Local Democracy Reporting Service
At a meeting of Scottish Borders Council’s executive committee last week, councillors heard that the authority’s CCTV network is “no longer fit for purpose” and were asked to note that the council can no longer afford to install and maintain CCTV in public spaces.
Police Scotland currently makes no contribution to the region’s town centre CCTV systems, and has indicated that it will not contribute to replacing the outdated systems, despite insisting that CCTV is a valuable resource to the police in the Scottish Borders.
Galashiels and District councillor Sandy Aitchison told the committee: “We’re contributing funding for two community action police teams here in the Borders and Police Scotland is telling us they won’t contribute to CCTV in the region to help protect our communities.
“I just find Police Scotland’s position completely unreasonable, I know they have budget constraints but our budget is being cut too.”
Fellow Galashiels and District councillor Euan Jardine said: “I think we should go back to the police at some point to ask that they contribute something to this.
“They say that CCTV is useful, and wanted, so I think that they need to help fund it.”
Currently, 19 of the council’s 70 CCTV cameras are no longer functional, but Martin Joyce, the council’s director of assets and infrastructure, has warned councillors that the number of faulty cameras is likely to increase and some already have intermittent faults.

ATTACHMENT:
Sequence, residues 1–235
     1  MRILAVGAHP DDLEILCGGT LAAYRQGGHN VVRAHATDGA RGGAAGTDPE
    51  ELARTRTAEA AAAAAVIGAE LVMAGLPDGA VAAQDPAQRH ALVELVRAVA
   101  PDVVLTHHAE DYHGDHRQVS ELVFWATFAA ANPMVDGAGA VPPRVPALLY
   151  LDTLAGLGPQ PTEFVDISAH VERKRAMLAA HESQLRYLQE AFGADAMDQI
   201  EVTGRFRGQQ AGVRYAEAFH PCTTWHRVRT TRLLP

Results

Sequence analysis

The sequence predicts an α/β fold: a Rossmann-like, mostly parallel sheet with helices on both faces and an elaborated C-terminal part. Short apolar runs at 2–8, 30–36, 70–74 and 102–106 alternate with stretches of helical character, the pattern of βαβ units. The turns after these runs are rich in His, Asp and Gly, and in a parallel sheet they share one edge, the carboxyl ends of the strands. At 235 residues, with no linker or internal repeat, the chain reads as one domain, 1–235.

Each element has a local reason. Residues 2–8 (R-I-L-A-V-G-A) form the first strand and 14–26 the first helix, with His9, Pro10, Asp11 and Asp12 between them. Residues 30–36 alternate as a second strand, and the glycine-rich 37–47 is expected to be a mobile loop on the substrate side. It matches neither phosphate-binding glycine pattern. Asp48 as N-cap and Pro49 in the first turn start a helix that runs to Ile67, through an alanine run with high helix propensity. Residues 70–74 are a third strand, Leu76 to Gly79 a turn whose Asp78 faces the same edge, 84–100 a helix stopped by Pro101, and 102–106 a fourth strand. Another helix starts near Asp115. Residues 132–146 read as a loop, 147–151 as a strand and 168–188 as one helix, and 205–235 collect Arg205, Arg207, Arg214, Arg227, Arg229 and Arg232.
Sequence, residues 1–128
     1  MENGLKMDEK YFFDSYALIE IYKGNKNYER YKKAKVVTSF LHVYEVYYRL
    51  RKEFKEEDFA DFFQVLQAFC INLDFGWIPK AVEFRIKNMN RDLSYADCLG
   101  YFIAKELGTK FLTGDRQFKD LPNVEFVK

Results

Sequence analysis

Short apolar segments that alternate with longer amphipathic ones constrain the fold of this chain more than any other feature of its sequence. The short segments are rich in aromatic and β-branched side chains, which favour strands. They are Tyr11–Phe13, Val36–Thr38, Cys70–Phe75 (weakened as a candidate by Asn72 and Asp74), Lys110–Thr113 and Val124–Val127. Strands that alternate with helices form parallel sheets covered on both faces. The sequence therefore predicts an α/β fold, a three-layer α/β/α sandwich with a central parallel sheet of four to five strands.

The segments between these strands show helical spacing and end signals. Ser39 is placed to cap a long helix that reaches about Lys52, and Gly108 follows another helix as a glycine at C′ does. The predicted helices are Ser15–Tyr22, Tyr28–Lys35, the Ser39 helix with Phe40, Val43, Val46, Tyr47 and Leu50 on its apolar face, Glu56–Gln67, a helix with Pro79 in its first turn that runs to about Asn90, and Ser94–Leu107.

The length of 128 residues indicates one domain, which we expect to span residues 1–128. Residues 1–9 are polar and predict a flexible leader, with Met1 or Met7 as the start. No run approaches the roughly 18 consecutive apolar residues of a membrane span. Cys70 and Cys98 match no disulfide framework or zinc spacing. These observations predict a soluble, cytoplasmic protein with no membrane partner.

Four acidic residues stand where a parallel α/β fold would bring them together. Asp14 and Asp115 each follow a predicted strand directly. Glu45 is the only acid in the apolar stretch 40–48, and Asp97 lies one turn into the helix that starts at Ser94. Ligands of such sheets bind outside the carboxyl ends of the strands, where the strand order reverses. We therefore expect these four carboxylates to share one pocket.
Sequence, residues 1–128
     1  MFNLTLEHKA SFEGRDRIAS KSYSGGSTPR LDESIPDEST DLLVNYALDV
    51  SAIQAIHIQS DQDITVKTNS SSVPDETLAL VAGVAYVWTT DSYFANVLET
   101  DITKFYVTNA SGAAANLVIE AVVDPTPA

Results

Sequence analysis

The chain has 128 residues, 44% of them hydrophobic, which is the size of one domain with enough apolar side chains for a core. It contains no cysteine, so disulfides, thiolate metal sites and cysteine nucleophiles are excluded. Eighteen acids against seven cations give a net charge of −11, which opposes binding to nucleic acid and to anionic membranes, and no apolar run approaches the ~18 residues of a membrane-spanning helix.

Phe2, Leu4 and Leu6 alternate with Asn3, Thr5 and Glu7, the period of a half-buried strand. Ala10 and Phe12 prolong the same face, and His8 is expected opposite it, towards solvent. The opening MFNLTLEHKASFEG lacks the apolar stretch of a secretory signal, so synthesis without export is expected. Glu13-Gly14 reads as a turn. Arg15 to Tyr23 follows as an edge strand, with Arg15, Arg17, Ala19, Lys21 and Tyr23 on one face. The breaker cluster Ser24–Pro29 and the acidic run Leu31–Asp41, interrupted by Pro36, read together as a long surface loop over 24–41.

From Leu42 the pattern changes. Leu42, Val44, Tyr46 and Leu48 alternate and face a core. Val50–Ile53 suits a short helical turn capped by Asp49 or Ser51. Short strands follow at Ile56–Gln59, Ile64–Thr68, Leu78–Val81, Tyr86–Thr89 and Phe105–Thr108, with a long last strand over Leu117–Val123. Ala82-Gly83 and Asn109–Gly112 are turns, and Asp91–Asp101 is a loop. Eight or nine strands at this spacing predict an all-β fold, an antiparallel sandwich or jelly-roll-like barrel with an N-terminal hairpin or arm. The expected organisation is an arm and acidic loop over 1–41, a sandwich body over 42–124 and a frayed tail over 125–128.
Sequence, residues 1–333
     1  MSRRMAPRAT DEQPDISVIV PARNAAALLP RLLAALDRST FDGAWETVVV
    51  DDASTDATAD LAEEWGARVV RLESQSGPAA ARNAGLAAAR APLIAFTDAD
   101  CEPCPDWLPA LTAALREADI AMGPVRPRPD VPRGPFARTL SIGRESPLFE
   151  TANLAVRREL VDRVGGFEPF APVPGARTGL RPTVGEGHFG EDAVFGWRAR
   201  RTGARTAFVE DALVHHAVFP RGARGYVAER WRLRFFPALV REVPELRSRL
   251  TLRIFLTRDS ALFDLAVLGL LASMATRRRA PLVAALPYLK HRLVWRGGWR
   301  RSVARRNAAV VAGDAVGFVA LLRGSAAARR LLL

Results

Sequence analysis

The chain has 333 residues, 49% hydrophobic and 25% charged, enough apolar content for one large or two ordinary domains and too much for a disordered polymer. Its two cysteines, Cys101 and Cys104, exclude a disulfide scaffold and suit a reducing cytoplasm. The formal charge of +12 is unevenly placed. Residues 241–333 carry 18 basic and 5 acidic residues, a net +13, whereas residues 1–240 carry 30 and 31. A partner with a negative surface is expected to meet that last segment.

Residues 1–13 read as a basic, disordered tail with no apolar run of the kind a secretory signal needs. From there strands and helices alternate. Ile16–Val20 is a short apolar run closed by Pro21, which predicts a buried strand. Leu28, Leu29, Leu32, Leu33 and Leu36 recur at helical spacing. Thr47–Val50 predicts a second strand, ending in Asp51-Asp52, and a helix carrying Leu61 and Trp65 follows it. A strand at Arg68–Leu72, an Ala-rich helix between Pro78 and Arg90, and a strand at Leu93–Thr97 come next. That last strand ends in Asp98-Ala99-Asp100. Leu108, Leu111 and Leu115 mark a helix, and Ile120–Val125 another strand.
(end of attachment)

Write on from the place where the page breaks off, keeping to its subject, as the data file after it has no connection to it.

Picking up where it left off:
There are eight systems, all of which are operated by Police Scotland, in Duns, Eyemouth, Galashiels, Hawick, Kelso, Melrose, Peebles and Selkirk.
Scottish Borders Council is currently spending £40,000 a year repairing the systems, and council officers say this will continue until the CCTV cameras are “beyond economic repair”.
Councillor George Turnbull, who represents Hawick and Hermitage, suggested that communities could look at funding CCTV systems locally: “Lots of money has been made available from other sources, and it’s important that Police Scotland value CCTV.
“I think the way forward should be that the five area partnerships pursue this alongside the police.
“Technology has moved on and nowadays CCTV systems are a lot cheaper and more streamlined, and so I think this is an ideal time to take this out to communities and see if they want to support this and fund it through the area partnerships.
“I think the public in certain areas want an upgraded system and so I’d like to see us pursue this through the five area partnerships.”